• $35.43 in 20 years
  • That’s what the looming shortages in Social Security, Medicare, Medicaid, and the wars in Iraq and Afghanistan will lead to … even more money-printing … they will have no other choice.

    The ever-present, insidious inflation hammers the lowest-income-classes the hardest, because they are on fixed incomes and/or retirement savings that they can not invest in risky instruments that might earn interest in excess of the continually eroding inflation (even at only 3% or 4%).

    And who knows? With the growing size of the National Debt and looming shortages for 77 million baby boomers, we may return to double-digit inflation like during the 1980’s ?, which is when the distribution of wealth suddenly took a sharp turn downward (and hasn’t stopped).

    Posted by: d.a.n at November 25, 2006 12:15 PM
    Comment #196431


    That is a good idea, I like it.


    you know what I like better.

    The idea of us not borrowing from social security to bulk up the general fund.

    I know, I know, how are we supposed to survive with out the extra income.

    Well let me remind everyone one that we did in the past just fine. In fact we survived two world wars and technology race with Russia.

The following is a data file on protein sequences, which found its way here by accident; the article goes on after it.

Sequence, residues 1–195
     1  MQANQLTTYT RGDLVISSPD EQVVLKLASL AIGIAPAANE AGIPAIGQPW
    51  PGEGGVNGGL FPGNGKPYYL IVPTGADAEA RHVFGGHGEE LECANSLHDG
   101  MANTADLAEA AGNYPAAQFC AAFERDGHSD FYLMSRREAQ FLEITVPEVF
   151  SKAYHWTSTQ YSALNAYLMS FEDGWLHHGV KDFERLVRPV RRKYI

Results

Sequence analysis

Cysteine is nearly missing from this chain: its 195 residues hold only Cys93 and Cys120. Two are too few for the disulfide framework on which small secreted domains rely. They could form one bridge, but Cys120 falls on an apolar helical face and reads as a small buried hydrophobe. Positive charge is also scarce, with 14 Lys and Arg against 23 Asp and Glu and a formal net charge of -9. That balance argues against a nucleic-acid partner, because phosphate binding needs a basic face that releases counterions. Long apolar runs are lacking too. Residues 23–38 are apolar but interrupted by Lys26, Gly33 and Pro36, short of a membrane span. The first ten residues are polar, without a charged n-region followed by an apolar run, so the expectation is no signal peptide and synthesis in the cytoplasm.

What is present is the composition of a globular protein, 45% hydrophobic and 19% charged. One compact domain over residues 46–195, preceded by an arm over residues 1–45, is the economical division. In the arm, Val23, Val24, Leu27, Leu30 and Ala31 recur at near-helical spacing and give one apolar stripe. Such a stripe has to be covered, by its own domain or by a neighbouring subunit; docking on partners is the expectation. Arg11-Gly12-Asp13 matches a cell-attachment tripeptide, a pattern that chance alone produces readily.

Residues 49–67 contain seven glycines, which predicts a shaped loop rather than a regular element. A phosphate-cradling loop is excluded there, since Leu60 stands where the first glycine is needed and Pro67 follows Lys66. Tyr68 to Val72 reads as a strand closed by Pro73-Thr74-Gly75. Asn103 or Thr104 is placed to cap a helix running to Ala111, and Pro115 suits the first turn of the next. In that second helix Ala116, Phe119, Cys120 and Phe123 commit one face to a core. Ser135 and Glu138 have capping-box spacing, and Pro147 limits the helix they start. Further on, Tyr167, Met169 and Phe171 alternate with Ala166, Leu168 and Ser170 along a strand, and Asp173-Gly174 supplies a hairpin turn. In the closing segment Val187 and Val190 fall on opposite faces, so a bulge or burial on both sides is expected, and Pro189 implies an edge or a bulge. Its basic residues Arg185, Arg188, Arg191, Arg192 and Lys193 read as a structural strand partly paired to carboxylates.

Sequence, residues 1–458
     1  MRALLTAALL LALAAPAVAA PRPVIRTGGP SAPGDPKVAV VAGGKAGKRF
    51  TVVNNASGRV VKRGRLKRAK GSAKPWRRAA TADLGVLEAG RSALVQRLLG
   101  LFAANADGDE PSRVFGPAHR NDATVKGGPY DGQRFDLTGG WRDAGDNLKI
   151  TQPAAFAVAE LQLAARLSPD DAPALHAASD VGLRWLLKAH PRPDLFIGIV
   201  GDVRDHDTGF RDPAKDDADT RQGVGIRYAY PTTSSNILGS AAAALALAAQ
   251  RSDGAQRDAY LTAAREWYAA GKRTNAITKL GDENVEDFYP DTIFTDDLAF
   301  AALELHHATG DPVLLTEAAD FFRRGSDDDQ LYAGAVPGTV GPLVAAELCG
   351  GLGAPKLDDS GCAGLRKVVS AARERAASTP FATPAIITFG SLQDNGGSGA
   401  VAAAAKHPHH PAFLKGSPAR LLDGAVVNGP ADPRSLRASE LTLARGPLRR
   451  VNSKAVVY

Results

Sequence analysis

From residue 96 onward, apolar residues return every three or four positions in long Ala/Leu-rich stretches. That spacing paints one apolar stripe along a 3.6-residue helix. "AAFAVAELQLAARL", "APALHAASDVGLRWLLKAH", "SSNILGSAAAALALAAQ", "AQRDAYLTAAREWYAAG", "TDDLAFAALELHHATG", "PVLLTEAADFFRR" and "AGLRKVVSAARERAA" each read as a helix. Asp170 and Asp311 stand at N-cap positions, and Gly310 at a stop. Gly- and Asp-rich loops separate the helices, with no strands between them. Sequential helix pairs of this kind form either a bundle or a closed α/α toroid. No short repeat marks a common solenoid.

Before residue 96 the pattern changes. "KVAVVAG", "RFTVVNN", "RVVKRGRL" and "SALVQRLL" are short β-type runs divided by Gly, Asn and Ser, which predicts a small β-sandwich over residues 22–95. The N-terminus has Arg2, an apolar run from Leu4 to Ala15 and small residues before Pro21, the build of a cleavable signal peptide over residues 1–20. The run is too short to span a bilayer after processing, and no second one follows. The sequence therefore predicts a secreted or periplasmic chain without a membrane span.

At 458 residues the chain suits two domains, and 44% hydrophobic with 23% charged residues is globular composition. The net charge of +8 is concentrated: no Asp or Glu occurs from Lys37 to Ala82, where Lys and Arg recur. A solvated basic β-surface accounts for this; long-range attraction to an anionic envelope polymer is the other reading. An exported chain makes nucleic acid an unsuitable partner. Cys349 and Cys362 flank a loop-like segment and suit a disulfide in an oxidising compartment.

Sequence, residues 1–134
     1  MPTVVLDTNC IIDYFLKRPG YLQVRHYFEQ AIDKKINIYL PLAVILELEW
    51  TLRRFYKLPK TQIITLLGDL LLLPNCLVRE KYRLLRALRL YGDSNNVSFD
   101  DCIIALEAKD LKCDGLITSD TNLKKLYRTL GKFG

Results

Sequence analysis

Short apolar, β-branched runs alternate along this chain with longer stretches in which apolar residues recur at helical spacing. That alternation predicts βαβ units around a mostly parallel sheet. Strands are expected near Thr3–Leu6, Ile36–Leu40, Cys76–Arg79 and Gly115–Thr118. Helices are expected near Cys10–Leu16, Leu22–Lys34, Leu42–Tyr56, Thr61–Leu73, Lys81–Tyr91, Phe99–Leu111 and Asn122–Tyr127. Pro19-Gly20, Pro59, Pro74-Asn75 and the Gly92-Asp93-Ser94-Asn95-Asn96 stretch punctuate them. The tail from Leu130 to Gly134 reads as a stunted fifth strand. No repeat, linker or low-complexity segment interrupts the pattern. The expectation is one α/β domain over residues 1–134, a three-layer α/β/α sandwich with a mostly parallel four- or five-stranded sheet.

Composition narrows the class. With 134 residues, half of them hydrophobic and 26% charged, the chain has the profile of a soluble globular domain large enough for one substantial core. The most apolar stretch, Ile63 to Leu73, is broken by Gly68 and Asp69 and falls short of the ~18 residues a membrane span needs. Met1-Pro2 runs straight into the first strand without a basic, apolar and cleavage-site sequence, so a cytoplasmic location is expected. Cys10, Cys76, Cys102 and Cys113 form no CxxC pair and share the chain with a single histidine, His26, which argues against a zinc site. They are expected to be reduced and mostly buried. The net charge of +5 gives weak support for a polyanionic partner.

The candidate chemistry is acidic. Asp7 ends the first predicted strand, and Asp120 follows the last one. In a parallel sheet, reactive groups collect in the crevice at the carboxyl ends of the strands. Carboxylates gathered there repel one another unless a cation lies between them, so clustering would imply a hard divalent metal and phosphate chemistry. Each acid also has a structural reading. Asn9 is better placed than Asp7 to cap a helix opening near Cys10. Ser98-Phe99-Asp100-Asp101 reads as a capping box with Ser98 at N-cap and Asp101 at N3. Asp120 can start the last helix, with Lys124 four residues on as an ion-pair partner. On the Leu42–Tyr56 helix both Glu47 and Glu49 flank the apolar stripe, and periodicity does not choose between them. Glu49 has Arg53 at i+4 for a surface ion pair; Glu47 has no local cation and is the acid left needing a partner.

We also came out of it more powerful than we had ever been before.

    Sooooooo… ?

    Posted by: Bryan AJ Kennedy at November 25, 2006 2:22 PM
    Comment #196432


    Man, you are really on a ball with the money printing issue.

    I t hink we need to just get better fiscal amnagement in office.

    I don’t have debt.

    I saved sixty percent of the money I made from age 12 to 19 so that when I moved out of my grandparents I would have enough to pay rent in full and in advance till I am done with college. While in college I saved every red cent and lived off ramen noodles for two years so I could buy a car. A nice one two. Acura Legend, fully loaded, leather, real nice. =)

    But… since we probably won’t be getting any intelligent spenders in office anytime soon, or at least not enough of them to actual FIX anything.

    I will go ahead and side with you on the money printing. It is probably the closest thing to a real solution there is; or at least most of one.

    Posted by: Bryan AJ Kennedy at November 25, 2006 2:27 PM
    Comment #196434

    Bryan AJ Kennedy,

    The excessive money-printing is one of the most UNDER-REPORTED economic problems.
    People have been brainwashed to think 3% or 4% inflation is OK.
    Fiat-money advocates will say it’s all OK, but it isn’t.